“It was 1975, a time of brutality and confrontation. Open season had been declared since our last tour, the tour of ’72, known as the STP. The State Department had noted riots (true), civil disobedience (also true), illicit sex (whatever that is), and violence across the United States. All the fault of us, mere minstrels. We had been inciting the youth to rebellion, we were corrupting America, and they had ruled never to let us travel in the United States again. It had become, in the time of Nixon, a serious political matter. He had personally deployed his dogs and dirty tricks against John Lennon, who he thought might cost him an election. We, in turn, they told our lawyer officially, were the most dangerous rock-and-roll band in the world.”
I am definitely not the intended audience for this book. I like the Rolling Stones, certainly, and I knew their music before I could identify the band (I have a distinct memory of my dad singing “Paint It Black” to me when I was much too young to have any idea who the Rolling Stones were), but I wouldn’t describe myself as a hardcore fan. My generation knows the Stones as a group of awesome, elderly rockers who simply refuse to pack it in and retire. Keith Richards himself came onto my radar very late – in fact, and here I will preemptively duck from the objects that are about to be thrown at me by anyone born before 1980 – I think the first time I heard about Keith Richards was when I learned that he was the person Johnny Depp had based Jack Sparrow on.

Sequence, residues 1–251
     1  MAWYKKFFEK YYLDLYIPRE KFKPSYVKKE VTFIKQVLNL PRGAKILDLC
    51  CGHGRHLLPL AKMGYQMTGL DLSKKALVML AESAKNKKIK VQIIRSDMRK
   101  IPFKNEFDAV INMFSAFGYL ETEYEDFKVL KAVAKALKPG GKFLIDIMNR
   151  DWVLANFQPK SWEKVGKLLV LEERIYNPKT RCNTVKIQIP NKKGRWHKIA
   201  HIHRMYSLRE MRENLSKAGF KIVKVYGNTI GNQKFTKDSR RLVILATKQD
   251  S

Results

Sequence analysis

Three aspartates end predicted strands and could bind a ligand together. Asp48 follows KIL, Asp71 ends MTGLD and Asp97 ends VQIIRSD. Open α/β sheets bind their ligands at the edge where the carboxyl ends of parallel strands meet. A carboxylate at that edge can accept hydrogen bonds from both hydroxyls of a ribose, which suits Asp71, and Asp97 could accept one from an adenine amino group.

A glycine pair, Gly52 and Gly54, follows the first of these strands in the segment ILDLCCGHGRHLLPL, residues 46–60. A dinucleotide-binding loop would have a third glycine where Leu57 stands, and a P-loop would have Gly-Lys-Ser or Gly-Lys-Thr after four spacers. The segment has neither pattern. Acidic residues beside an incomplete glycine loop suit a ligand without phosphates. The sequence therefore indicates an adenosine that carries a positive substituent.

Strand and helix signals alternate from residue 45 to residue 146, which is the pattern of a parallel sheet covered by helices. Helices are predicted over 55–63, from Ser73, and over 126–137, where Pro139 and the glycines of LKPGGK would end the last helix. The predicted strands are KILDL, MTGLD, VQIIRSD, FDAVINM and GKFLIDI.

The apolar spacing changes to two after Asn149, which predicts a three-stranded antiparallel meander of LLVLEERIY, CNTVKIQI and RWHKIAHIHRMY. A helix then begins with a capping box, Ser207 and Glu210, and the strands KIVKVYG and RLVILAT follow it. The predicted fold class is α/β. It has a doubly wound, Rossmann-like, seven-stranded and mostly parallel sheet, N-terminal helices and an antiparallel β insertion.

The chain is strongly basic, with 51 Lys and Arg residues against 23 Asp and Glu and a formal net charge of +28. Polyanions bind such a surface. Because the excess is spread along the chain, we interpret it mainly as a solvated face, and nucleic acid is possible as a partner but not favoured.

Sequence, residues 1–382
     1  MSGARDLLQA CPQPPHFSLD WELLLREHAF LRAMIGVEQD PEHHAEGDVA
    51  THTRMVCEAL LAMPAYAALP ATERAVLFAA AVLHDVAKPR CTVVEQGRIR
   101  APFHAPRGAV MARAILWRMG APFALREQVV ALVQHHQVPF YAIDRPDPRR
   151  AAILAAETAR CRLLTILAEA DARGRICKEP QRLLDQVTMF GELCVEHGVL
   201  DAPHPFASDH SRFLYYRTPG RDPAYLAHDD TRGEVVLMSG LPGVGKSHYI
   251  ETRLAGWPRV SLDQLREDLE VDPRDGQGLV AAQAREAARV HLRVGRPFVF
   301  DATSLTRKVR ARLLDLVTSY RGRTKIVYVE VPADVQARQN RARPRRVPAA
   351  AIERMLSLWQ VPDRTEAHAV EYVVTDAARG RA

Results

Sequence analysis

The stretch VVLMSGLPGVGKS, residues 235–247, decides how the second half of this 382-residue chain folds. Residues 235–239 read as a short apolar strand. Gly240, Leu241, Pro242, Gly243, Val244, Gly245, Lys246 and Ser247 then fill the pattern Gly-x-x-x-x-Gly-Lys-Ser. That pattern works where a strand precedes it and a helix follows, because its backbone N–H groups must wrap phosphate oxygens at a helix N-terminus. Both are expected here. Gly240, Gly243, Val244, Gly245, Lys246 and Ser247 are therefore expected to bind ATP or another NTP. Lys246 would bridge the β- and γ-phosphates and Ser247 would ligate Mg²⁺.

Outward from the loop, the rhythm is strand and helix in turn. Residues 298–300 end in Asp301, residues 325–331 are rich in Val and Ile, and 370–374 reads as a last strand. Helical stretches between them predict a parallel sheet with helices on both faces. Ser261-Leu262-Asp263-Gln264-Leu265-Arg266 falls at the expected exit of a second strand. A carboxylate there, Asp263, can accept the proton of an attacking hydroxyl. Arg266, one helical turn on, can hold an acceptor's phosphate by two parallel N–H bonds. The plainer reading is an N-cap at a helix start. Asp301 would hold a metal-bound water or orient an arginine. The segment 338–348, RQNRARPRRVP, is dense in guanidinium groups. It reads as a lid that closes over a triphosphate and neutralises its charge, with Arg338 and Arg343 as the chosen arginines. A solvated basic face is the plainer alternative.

So obviously, this book was not written for me and I probably had no business reading it in the first place. However, driven by curiosity and armed with a superficial knowledge of the Stones and an earnest love of Almost Famous, I plunged in. I mean, how can you resist an opening like the one I quoted above?
In a purely technical sense, this book is very badly written. The narrative wanders from one subject to another, events aren’t kept in chronological order, and Richards uses fragment sentences like they’re going out of style. But the thing is, it works. I got the sense that the writing process for this book was just Keith Richards free-associating into a recorder for several hours, and the resulting tapes were written down verbatim. Richards’ voice comes through clearly in every word, and it’s a great experience. Reading the book is like listening to your foul-mouthed, slightly confused grandfather tell you stories – they don’t always make sense, and sometimes you have no idea what he’s saying, but your grandfather happens to be the most awesome person alive, so you’re going to shut up and pay attention to everything he says.